While Jordan holds the aforementioned view, it appears that the Government is not certain if it would refrain from the continued use of Production Sharing Agreements (PSA) or strengthen this flawed model.
This was confirmed by Minister of Natural Resources, Raphael Trotman. His comment came on the heels of a Kaieteur News article that was published a few months ago on the lessons Indonesia learnt from using PSAs, a contractual model it is credited with creating.
This arrangement stipulates that the host country will receive its profits after the oil company deducts its operating expenses. The Government of Indonesia thought that this was a wise move in the beginning. But with each passing year, it soon noticed that its cut of the spoils got smaller, the taxes from the oil sector began to shrink and the operators’ claims of deductable expenses was increasing by the millions.
The aforementioned convinced the Government that petroleum companies were inflating costs. The Government tried everything they could to keep oil companies from exploiting this loophole in the Production Sharing Agreement. But every accounting or auditing effort proved futile against the oil giants.
Earlier this year, the country took the decision to move away from the very agreement it piloted.
With this in mind, Kaieteur News asked Trotman if he believed that Guyana would be wise to move in the same direction. The Natural Resources Minister said however that PSAs have advantages, especially for countries which do not have capacities to monitor and be fully involved. He said, “It took Indonesia decades to build capacity and to be able to de-link from it. We can’t compare Guyana with Indonesia.”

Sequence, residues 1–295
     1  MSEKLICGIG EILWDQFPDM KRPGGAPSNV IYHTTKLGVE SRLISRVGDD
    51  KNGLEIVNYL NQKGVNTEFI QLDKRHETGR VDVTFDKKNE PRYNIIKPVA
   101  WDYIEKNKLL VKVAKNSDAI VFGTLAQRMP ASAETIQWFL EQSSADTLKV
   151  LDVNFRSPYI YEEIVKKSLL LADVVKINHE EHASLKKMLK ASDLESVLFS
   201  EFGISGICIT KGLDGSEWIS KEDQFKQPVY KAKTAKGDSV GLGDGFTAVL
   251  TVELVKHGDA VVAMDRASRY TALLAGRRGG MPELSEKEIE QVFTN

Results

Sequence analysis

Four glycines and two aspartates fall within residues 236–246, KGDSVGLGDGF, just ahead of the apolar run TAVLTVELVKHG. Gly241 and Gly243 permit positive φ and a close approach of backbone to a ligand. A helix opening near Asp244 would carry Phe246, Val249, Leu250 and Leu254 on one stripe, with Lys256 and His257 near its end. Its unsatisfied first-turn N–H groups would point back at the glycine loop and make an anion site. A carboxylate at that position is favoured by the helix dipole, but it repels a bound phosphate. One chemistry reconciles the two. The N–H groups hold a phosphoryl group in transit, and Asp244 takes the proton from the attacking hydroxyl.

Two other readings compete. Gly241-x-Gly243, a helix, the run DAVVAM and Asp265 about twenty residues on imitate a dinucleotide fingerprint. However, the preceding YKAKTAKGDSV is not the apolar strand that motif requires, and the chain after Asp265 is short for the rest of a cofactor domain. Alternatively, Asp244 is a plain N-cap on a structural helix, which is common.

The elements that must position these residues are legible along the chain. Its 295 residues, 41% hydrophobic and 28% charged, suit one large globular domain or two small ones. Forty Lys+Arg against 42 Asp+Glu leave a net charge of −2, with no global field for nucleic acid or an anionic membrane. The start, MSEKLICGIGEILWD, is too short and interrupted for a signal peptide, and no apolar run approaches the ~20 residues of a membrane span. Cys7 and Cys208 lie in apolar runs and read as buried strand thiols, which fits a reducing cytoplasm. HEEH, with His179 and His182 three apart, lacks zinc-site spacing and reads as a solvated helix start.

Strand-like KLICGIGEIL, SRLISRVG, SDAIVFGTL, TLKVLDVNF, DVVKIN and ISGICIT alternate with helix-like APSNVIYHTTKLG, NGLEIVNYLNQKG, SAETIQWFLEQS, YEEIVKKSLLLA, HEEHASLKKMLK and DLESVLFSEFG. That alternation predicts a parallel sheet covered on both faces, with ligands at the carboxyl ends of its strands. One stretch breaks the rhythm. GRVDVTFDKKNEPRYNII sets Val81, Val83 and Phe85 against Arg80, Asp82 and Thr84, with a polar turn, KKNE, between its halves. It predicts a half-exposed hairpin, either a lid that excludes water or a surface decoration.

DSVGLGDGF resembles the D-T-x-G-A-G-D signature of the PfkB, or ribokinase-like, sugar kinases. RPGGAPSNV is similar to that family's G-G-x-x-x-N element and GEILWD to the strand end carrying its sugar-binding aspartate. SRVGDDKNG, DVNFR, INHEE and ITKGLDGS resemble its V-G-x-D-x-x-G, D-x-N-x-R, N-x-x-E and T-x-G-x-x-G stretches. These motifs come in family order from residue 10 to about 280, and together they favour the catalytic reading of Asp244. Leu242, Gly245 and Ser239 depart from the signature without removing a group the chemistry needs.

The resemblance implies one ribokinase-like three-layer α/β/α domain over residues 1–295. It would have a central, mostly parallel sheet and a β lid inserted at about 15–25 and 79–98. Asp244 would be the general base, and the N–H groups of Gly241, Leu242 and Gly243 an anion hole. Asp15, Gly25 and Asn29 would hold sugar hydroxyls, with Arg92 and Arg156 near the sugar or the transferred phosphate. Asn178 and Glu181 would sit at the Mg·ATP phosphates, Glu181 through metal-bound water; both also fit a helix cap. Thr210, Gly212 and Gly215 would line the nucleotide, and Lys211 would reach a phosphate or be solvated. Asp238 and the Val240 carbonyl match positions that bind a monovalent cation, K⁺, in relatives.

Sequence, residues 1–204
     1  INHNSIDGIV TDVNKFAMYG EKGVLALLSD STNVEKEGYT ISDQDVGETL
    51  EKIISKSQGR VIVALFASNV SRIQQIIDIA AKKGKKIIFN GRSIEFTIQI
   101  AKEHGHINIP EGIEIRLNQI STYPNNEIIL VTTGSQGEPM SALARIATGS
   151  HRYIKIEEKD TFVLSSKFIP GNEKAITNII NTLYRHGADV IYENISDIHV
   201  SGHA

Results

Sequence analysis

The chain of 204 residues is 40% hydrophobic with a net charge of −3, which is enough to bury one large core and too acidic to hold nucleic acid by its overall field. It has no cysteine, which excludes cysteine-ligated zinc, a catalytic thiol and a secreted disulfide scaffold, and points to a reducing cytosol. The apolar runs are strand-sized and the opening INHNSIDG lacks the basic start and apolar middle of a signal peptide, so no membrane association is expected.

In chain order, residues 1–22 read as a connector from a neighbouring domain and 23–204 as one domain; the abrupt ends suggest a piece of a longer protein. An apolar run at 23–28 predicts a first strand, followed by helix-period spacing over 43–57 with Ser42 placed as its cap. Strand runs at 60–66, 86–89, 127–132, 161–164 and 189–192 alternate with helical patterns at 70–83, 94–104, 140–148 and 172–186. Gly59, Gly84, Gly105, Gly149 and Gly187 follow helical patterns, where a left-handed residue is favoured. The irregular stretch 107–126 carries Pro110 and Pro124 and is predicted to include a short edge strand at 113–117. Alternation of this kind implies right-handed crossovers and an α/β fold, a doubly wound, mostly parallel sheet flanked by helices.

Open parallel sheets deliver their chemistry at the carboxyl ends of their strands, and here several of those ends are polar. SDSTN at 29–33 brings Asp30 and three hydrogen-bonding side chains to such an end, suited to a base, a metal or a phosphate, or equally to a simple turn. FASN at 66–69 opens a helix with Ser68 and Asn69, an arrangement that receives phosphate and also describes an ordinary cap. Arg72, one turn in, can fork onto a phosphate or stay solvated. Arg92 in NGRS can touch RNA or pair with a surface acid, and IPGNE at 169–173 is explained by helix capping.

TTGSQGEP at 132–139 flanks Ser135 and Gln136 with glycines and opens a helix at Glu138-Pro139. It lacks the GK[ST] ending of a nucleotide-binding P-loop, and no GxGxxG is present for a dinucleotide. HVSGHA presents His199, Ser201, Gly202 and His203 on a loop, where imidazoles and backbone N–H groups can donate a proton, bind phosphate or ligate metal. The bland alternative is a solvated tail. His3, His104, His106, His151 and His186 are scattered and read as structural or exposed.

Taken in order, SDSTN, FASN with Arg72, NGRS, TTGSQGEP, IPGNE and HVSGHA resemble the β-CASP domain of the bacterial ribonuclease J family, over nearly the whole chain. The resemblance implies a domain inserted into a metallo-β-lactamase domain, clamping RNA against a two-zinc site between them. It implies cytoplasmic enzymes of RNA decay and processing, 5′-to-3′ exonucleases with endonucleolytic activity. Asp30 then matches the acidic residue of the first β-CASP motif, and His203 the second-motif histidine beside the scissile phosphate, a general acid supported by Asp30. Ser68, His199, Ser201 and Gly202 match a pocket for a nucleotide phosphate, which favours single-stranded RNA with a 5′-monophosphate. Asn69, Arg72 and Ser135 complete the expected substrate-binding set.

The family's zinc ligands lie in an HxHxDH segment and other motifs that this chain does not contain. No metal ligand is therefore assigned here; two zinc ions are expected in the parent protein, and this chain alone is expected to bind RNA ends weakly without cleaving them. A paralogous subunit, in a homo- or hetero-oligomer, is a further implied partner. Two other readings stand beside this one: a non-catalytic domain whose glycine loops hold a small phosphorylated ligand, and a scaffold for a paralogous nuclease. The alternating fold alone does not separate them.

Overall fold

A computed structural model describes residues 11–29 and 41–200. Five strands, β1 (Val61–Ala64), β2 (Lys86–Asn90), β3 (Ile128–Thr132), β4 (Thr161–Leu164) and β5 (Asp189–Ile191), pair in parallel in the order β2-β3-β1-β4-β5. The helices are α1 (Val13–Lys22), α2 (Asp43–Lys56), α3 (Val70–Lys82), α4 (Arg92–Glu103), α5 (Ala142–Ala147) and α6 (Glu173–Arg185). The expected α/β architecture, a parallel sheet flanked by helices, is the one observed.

At this point, Kaieteur News emphasized to the Minister that it took a staff of over 700 individuals in Indonesia to monitor cost recovery claims by oil companies. The newspaper insisted that surely there is something to be learnt from Indonesia if that point is considered.
The Minister said, “Of course there is something to be learnt from Indonesia. We have in fact, met with officials of their national oil company. We are looking at areas of possible transfer of skills and experiences.”
But as it relates to walking away from the use of PSAs, the Minister said that it is difficult to pronounce on such a matter at this stage.
“We have had the current model reviewed and more reviews are being conducted by international agencies so it’s difficult to say at this moment whether we will walk away completely or strengthen the model we have,” Trotman said.
Sep 26, 2018Residents of Fyrish and surrounding villages came out in their numbers on Sunday last when the village hosted its first every Berbice Cricket Board (BCB) final. The entire ground was packed to...
Sep 26, 2018
Sep 26, 2018
Sep 26, 2018
Sep 26, 2018
Sep 26, 2018
Editor’s Note, If your sent letter was not published and you felt its contents were valid and devoid of libel or personal attacks, please contact us by phone or email.
Feel free to send us your comments and/or criticisms.
Contact: 624-6456; 225-8452; 225-8458; 225-8463; 225-8465; 225-8473 or 225-8491.
Or by Email: [email protected] / [email protected]